Many know and participate in pink clad festivities during October to raise awareness around breast cancer. It’s staggering to know that one in eight women will develop invasive breast cancer during her lifetime. Did you also know that October is domestic violence awareness month and that one in four women will experience domestic violence in her lifetime? Unfortunately both cancer and abuse can be silent killers, one because of detection and the other because of fear.
Domestic violence is a pattern of behavior used to establish power and control over another person through fear and intimidation, often including the threat or use of violence. We should all be concerned about domestic violence, domestic abuse, spousal abuse, battering, family violence and intimate partner violence because it creates violence in our communities and negatively impacts our children. You may be surprised to know that children are present during nine of out ten domestic disputes. They are more likely to have health problems, including becoming sick more often, having frequent headaches or stomachaches, and being more tired and lethargic. Thirty to sixty percent of children raised in violent homes are also abused or neglected, especially those who intervene to protect the parent being attacked. More often than not help is not received because the abuse goes undetected or unreported, which invites the cycle of violence to continue into the next generation. Female children who do not receive help are more likely to experience abuse as teenagers and adults, while male children are far more likely to become abusers of their partners and/or children as adults.
Domestic violence and abuse can happen to anyone, regardless of gender, race, ethnicity, sexual orientation, income, or other factors. There may be people you chat with everyday that are experiencing abuse or are survivors of abuse and you wouldn’t even know. As members of the Cayman Islands community we need to be informed and address what we see to schools or RCIPS in order to make the change. You can find more information at www.nnedv.org.
I read an article recently that suggested that September proves to be a stressful time for many, even those who do not attend school. I agreed with this on numerous levels because, as an adult, I was sad that my opportunity to live life as it as it came was ending. Gone where my days of rising to the day refreshed and full of energy, frolicking outside with my kids all day and consuming chapters of a novel like a kid eating cake. I’m sure you experienced the same during your Mary Poppins-like holiday.
Let’s stick with this imagery of sun falling through the window on your smiling face as you stretch in your perfectly rumpled bed in the morning. It’s September… you continue to awaken refreshed, and breeze through your own morning preparation before skipping into the kitchen to prepare a breakfast your children happily gobble up. They wash their own dishes, grab their healthy, picture perfect lunches and head to the car. As you pull onto the road you notice no other vehicles and peacefully arrive at school. Your children give you a kiss and hug before gliding off with beams radiating from their smiling face and you drive off with a sense of pride and appreciation for life. I know that is not reality for most, but what if we kept those images in our minds so there was the possibility of it happening three out of five weekdays?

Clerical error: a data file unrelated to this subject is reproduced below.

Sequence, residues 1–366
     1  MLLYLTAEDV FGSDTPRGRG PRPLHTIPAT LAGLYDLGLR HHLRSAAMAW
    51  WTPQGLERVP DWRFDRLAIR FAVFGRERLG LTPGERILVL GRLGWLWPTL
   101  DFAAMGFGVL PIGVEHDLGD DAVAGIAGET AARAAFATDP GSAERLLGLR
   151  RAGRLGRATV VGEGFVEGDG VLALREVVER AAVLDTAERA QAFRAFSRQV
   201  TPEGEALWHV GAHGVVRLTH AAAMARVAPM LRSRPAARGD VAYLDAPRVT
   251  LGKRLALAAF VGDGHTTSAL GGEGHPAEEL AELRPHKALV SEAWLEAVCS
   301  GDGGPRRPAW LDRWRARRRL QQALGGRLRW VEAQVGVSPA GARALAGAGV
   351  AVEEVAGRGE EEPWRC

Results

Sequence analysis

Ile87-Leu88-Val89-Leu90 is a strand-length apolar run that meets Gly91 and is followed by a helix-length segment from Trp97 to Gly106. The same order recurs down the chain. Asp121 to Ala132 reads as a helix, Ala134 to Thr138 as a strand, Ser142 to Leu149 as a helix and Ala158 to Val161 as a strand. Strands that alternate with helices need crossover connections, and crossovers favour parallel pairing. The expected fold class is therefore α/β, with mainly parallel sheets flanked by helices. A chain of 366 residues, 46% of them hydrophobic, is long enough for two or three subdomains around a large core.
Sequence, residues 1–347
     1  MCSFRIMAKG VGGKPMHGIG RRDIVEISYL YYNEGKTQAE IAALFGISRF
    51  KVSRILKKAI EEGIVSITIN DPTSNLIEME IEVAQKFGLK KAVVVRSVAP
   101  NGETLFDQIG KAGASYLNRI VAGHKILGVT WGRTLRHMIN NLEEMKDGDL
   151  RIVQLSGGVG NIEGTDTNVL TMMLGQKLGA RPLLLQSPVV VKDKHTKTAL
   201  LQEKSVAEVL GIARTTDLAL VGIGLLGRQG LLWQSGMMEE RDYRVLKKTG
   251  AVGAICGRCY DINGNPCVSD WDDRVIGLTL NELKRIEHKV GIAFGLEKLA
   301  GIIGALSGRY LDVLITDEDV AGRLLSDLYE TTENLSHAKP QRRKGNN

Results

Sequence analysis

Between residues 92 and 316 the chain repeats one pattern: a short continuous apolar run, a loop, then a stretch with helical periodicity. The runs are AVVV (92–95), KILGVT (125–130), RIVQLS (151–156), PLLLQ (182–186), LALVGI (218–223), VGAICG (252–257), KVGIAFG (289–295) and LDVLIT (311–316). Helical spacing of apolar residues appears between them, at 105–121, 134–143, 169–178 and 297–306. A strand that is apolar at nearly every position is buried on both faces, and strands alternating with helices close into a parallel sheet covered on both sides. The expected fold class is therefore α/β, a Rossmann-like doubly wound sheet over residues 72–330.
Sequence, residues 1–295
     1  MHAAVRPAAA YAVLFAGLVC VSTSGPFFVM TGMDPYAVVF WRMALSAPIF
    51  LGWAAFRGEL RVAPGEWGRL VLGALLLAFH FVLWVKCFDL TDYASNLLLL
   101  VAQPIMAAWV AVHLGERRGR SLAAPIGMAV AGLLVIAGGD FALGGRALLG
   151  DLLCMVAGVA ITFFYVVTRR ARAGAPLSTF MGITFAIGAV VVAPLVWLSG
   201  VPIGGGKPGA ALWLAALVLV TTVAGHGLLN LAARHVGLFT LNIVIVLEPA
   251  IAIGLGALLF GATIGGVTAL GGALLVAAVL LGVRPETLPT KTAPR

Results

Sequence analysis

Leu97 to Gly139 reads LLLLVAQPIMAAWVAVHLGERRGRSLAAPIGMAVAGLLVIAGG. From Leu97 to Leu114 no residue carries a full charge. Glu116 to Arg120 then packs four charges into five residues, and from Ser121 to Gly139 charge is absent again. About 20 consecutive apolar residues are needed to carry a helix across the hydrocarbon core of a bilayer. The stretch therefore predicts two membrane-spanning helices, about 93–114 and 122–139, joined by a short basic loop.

Sometimes preparing oneself is the best way to glide through the scenarios of life so here are a few:
Have a comeback.
- “I am so happy to see your face this morning,” even if he/she is grumpy.
- Let him/her do something you don’t always allow (i.e. pour his/her own milk).
- Tell a “when you were little,” story.
- Give a hug. (I know I could use one most mornings.)
- Take a breath and move on.
- Ask how he/she would do it.
- Just be with him/her for two minutes.
- Ask “can we start over?”
- See him/her as a human…like you.
- Think about how being rigid, screaming, or critical can make the morning worse…then don’t do it.
Have a plan for breakfast and lunch the night before.
- Make easy to freeze foods (i.e. muffins, breads, pancakes, waffles) on the weekend and simply pop into the toaster oven the morning of.
- Have cut up fruit and veggies available in the fridge to just grab.
- Pack left over dinner into smaller, easy to pack containers.
- Distribute large containers of food into smaller containers (i.e. 32 oz. Yogurt into four 1 cup containers).
Get them to bed.
Don’t forget to do the same for yourself because you’re back to school (and work) too.
Education is defined as the act or process of imparting or acquiring general knowledge, developing the powers of reasoning and judgment, and generally of preparing oneself or others intellectually for mature life. As parents, we send our children to educational institutions with the ultimate goal of them being provided with the necessary tools for a successful life. As teachers, we take on the role of directing students in their mental and social expansion so they can be a successful member of society.
As a society, we are learning something new on a daily basis whether through personal experience, conversation with family and friends or the media. Montessori By The Sea makes every effort to remain informed as well so we can best implement educational policies posed by the Cayman Islands government or consider new advances in child development.
As a member of our learning community, please feel free to look through any of these recent child development articles.
Happy Christmas Breeze,
‘Why Our Boys Are Falling Behind in School and What We Do About it’
‘Does My Kid Need Therapy?’
‘Preschoolers and Sleep: What Parents Should Know’
‘Understanding THAT Kid-The One Who Hits, Kicks and Disrupts the Class’